Tuesday, April 15, 2008

Mole Man

Engineers hate risk. They try to eliminate it whenever they can. This is understandable, given that when an engineer makes one little mistake, the media will treat it like it's a big deal or something. For example, Hindenberg, Apollo 13, and the Tay Bridge. And now 'Mole Man's' subterranean hobby. The Telegraph reports William Lyttle, a retired engineer, who created a labyrinth of tunnels under his house over 40 years has been forced to pay £300,000 for repairs carried out by a council and has an injunction imposed against him preventing him from undoing any of the repair work. Evidently his load bearing calculations were not quite up to scratch!

Why do people not understand to the engineer, all matter in the universe can be placed into one of two categories: (1) things that need to be fixed, and (2) things that will need to be fixed after you've had a few minutes to play with them. Engineers like to solve problems. If there are no problems handily available, they will create their own problems. Normal people don't understand this concept; they believe that if it ain't broke, don't fix it. Engineers believe that if it ain't broke, it doesn't have enough features yet. Engineers have the ability to concentrate on one subject to the exclusion of everything else. This certainly appears the case with Mole Man's home improvements.

However, concentrating on one subject to the exclusion of everything else is a disaster in any relationship. Neglect, whether intentionally or unintentionally, causes the person whose needs aren’t being met to feel angry, offended, ashamed, demeaned, and unsafe. This is a terrible position to be in and it is the reason behind many extramarital affairs. Healthy relationships seem to rely on both parties being independent and enjoying time in each others company.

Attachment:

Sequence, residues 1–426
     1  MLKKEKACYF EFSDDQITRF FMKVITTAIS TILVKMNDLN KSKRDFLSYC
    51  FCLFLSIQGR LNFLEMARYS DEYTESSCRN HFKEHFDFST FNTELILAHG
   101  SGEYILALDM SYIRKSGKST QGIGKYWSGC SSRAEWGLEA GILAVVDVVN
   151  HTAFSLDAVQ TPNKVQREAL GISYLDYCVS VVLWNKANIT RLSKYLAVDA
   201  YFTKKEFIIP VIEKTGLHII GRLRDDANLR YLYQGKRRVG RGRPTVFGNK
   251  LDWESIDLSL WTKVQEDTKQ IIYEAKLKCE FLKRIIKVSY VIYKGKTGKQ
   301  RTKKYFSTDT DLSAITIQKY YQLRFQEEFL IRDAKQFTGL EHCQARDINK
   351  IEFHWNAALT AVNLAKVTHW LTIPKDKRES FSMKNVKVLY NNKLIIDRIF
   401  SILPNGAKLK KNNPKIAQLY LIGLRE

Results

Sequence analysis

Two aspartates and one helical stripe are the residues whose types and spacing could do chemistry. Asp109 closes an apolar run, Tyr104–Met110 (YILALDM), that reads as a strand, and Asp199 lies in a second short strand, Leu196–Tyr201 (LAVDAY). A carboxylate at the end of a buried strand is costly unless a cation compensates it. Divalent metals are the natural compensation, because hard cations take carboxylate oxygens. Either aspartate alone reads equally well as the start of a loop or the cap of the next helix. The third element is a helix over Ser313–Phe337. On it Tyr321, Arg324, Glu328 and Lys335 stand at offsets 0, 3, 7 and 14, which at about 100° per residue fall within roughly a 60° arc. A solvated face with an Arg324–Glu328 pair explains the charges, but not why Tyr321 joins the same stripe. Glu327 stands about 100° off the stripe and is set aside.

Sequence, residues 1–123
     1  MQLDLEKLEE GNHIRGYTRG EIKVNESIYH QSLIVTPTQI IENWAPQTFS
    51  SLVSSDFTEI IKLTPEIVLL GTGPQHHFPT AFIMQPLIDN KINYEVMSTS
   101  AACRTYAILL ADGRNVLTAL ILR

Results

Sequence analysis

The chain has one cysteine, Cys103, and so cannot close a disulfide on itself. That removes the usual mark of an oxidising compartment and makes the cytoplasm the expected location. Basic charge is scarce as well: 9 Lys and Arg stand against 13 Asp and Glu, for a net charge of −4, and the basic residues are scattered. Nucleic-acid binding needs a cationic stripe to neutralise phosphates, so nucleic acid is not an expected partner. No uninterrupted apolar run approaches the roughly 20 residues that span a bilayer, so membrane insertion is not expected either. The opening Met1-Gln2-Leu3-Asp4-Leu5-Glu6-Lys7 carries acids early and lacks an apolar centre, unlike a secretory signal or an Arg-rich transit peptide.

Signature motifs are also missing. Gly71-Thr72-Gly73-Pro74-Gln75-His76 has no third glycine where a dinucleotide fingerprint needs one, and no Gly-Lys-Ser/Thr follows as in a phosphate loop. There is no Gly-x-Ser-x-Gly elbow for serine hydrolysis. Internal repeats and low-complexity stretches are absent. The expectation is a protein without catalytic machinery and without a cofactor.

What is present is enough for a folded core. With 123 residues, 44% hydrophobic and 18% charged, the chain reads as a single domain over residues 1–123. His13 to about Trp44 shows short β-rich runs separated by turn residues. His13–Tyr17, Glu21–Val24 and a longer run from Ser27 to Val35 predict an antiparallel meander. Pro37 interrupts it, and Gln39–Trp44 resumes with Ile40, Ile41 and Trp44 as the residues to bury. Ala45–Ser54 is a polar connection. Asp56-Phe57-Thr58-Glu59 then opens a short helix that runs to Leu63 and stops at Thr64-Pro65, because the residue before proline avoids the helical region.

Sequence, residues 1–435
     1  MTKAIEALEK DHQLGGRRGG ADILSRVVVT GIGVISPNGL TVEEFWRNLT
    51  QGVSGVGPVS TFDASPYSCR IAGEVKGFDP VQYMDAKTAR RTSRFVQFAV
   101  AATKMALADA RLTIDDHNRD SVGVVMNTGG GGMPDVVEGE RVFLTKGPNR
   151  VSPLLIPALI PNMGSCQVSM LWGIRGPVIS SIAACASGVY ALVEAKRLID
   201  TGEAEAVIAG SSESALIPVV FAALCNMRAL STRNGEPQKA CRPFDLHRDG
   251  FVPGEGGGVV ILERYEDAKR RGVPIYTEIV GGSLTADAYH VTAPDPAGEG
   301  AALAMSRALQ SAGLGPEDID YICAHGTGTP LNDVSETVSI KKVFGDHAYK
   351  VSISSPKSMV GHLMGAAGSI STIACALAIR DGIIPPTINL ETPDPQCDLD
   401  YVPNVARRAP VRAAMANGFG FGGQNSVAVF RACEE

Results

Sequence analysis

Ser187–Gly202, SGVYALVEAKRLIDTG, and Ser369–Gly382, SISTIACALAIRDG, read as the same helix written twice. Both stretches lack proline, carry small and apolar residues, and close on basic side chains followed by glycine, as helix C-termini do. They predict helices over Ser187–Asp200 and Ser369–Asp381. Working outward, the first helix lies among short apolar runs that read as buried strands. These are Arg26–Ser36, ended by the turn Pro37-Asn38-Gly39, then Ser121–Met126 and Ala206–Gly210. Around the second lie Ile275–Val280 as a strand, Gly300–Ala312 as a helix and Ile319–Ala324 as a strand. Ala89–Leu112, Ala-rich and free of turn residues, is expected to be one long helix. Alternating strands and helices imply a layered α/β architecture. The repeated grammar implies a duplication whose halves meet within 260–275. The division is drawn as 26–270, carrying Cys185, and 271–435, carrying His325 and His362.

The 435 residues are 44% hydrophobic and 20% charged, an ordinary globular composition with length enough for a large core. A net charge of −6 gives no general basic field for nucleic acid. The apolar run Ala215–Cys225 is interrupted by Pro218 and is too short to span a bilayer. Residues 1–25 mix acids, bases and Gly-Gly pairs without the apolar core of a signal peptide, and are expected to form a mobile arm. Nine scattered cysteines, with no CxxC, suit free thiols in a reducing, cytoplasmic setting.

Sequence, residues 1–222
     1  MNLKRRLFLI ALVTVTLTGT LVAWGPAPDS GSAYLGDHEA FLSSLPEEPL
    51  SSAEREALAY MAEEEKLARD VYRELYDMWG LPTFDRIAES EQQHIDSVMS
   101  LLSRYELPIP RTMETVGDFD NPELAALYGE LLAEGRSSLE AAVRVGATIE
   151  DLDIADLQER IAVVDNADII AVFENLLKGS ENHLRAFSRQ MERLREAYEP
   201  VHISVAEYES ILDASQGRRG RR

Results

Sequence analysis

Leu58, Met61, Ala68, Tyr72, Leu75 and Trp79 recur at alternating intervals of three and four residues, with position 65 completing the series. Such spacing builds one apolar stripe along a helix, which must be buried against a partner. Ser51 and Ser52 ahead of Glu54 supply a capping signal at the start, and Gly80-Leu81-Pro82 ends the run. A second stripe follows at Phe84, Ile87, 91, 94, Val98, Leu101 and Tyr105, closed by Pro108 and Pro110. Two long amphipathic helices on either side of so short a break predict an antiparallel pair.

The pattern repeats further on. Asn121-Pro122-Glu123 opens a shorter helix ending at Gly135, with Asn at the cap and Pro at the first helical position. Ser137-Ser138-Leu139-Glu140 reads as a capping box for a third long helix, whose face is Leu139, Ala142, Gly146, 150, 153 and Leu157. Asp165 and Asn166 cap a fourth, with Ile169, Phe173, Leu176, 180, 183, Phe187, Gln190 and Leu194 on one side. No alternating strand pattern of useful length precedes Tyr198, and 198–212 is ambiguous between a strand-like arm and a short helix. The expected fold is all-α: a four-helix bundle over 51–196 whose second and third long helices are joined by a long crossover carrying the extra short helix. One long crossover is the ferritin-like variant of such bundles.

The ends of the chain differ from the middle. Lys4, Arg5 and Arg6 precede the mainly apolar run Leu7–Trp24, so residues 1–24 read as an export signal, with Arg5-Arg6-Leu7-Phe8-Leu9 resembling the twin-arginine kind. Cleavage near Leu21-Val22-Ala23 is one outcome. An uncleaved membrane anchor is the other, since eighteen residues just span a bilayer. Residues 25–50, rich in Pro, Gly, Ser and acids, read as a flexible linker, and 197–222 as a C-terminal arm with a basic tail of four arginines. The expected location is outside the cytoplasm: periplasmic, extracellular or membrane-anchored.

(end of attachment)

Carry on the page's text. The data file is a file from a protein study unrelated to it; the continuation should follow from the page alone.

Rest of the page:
Swiss Tony 17 April, 2008 11:43  

Interesting guy, but not someone you would want to live next door to!

If he has dug all these tunnels under his house, why does the council get to fill them in? Unless its a council house, but if he is renting, then can't he do as he likes?

Unless, of course, like most engineers he is a raving nutcase, and he had no idea how to retain some stability in the house.

On balance, someone digging tunnels under their house can't be the sanest person about.

Fiona 17 April, 2008 13:09  

Oi, what's this about engineers being raving nutcases?

Swiss Tony 17 April, 2008 13:22  

You only have to look at the guy to see that he is an engineer, and who in their right mind would dig tunnels under their house, unless its to escape someone.

Fair play to him though. Was he an ex prisoner of war that hadn't shaken off the desire to tunnel his way out. Maybe thats it. Did he lose his front door key and was just trying to pop out to the shops?

Where did he dump the spoil? Did he shake it out of his trousers whilst taking the dog for a walk so as to avoid suspicion?

You have left too many unanswered questions. If you are going to post info for our delight, it needs to be complete!

Detention for Fiona I think. And 100 lines.


Fiona 17 April, 2008 16:34  

I read somewhere he kept things in the holes eg boats and cars. Property prices being what the are perhaps Mr Lyttle was just being frugal. Engineers aren't cheap or mean spirited, it's just every spending situation is seen as a problem in optimisation. OK some might be a wee bit eccentric but aren't engineers irresitable?

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